Saturday, February 11, 2012

potato peel...

My latest read, I read so fast I feel like the events 'happened' in one day of my life.  I feel like I went there for a day trip, and it all happened.  Yeah, so the book was pretty good.

The Guernsey Literary and Potato Peel Pie Society.

4.5 / 5

The scoring biz is a bit tricky - I think I score too high for some books which pushes the other books' scores up so that they score better but I don't want them to be a 5 so I have to start adding halves and quarters.  Ya get me?  Might have to think of a new system.

'The Guernsey Literary and Potato Peel Pie Society.'  What a mouthful.  And probably a mouthful that would have interested me, but not necessarily had me chomping at the proverbial bit to read the book.  I simply didn't understand what it meant, or what the book could possibly be about.

Now that I've read the book, the title warms my heart.  To be fair, I wish I'd slowed down and taken in the book a little more - read and re-read pages.  I should mention here something that is perhaps the crux of this book, (and probably why it was so easy to read fast) and what really makes the book great - in my opinion : the book is written entirely in letters.

I love the feeling of that - old fashioned snail mail, making its way across the ocean to reach the person the letter was lovingly crafted for.  There are many characters in our story, which is why I wish I'd slowed down and  savoured each letter.  I didn't realise early on that some individuals would become mainstays of the show, and I had missed small inklings of their personality and life.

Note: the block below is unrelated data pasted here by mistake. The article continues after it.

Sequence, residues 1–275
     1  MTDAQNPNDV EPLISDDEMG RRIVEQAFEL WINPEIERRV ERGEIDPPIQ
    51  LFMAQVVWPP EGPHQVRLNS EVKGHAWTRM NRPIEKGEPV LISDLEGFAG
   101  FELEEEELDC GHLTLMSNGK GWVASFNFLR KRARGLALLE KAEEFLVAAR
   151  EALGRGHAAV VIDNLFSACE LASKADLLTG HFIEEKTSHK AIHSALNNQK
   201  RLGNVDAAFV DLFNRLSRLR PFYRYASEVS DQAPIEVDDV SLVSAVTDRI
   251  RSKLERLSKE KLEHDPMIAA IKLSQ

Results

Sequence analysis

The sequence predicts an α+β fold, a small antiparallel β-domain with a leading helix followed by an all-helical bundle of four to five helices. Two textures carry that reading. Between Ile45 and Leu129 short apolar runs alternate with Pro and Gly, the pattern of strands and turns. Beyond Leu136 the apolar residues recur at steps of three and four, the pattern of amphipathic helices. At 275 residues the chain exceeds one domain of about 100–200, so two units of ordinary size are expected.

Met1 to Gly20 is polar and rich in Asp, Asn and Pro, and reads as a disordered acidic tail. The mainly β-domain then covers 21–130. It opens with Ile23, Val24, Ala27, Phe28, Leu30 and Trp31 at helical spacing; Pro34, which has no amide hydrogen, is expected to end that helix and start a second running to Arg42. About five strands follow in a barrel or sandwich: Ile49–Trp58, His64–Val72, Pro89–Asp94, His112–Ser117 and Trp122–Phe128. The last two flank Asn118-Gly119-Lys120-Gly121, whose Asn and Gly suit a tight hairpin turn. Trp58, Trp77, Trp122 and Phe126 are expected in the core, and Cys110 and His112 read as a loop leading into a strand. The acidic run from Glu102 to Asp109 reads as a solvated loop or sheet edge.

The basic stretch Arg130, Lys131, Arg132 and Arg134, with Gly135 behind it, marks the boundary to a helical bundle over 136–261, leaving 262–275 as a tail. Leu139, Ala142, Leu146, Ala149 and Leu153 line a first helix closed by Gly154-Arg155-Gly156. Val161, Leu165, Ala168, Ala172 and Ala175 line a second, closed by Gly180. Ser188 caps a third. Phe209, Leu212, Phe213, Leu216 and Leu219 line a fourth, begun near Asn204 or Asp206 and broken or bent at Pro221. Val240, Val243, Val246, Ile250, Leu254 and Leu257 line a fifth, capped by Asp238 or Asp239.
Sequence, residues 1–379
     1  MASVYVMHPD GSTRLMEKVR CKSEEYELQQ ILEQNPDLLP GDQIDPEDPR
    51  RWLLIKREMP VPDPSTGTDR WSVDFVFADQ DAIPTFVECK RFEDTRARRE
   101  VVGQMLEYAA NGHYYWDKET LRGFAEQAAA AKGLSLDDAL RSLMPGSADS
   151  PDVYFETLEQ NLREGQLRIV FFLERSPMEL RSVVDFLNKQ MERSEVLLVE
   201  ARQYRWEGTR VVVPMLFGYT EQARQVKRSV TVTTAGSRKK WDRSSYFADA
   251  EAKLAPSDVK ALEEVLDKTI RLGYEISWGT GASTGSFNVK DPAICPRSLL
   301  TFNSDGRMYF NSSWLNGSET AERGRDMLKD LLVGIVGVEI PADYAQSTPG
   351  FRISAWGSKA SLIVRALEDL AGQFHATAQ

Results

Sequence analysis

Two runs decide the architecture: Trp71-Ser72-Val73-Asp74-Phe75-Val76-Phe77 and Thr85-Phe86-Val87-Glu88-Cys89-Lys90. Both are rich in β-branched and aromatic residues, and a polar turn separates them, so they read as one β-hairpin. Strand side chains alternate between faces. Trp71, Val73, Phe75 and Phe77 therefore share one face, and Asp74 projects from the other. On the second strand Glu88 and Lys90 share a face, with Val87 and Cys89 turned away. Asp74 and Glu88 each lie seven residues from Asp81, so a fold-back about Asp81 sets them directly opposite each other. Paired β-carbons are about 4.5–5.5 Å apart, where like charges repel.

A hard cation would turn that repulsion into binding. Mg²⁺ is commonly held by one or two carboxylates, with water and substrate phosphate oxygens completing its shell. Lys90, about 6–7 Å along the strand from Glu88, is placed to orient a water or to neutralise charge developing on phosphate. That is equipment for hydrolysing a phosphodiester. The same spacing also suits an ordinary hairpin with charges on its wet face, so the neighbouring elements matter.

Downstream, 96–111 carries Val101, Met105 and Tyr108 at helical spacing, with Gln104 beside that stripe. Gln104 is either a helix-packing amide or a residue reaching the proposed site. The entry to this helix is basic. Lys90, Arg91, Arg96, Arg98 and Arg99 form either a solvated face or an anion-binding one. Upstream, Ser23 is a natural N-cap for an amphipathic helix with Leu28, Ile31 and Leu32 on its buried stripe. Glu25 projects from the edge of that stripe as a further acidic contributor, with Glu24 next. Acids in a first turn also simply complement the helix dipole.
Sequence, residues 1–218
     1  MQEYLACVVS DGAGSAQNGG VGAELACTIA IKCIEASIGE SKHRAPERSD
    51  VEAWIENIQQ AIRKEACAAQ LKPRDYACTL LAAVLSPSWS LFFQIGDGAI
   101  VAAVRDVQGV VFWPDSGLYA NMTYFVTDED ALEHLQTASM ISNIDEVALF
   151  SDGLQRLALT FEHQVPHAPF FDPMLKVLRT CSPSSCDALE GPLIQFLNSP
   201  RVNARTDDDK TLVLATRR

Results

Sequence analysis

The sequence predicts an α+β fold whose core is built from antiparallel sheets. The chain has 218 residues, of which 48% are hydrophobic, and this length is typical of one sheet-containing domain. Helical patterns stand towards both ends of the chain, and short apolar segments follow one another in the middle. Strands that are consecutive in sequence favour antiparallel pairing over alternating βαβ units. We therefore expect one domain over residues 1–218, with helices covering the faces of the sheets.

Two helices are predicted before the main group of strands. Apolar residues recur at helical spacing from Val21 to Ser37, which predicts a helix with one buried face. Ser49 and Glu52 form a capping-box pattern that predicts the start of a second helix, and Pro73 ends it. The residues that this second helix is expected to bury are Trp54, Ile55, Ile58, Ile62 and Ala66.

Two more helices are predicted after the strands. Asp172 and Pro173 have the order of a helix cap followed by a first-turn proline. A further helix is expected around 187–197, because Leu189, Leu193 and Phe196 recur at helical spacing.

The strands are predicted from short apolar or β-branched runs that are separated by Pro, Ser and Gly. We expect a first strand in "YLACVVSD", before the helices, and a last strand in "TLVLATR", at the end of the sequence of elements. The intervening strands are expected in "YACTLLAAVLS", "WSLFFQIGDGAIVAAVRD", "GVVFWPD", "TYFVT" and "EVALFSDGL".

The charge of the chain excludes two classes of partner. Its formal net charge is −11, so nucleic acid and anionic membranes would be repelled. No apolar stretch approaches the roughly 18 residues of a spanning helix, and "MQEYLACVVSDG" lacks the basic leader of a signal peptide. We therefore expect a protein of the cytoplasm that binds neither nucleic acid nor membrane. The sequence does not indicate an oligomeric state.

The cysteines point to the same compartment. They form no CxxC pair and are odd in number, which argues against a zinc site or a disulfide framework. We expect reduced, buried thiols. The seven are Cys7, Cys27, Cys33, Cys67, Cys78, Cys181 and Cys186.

The story centres around a famous wartime writer in England - Juliet Ashton, who (writing under a 'nom de plume' - Izzy Bickerstaff) manages to lightheartedly yet respectfully produce something worth reading in wartime (a difficult task, as you can imagine).  She becomes aware of the German occupation of the island of Guernsey, and gets in touch with the Guernsey Literary and Potato Peel Pie Society.  They begin to exchange letters and through their many different voices and experience we learn about life on Guernsey under the occupation.  I wanted to live there, with them.  The characters are completely loveable and unique, and the way the book is written through letters brings an endearing and intimate quality.  I find myself recommending it to people, even patients I'm caring for (I'm a nurse), as a lovely story.

You must read it.  Prepare to be swept away by the thought of book clubs on islands, and potato peel pie.  Well, maybe not potato peel pie.

Joining up with Remaliah over at Lily & Georgie (be sure to check her and her adorable twins out!)

For Mrs. Readalot's BookClub (click button below for more info, and to have a look-see at the fabulous Simone's blog).


  1. This is a great review! Thank you so much for adding it in :) I know what you mean about the fast reading. I'm a notorious speed-reader...and I end up making the story pass so quickly and miss details...even if I think I'm managing to get them all in :) I reread this for the review and made myself slow down, and really enjoyed it all over again. I completely agree with you about the letter-writing. I loved how it made the characters so natural and personable...with all the humour (well, most of them!).
    P.S. I love your photography...I just had a little look. What camera do you have? Do you, by chance have the 50mm 1.8 lens? I have it on my wishlist and hope hope hope one day I'll have it :) Enjoy the rest of your weekend across the channel!

  2. Great review Stacey....I now want to read a book that I would not have given tuppence for (an old-time guernsey saying!) Well done!


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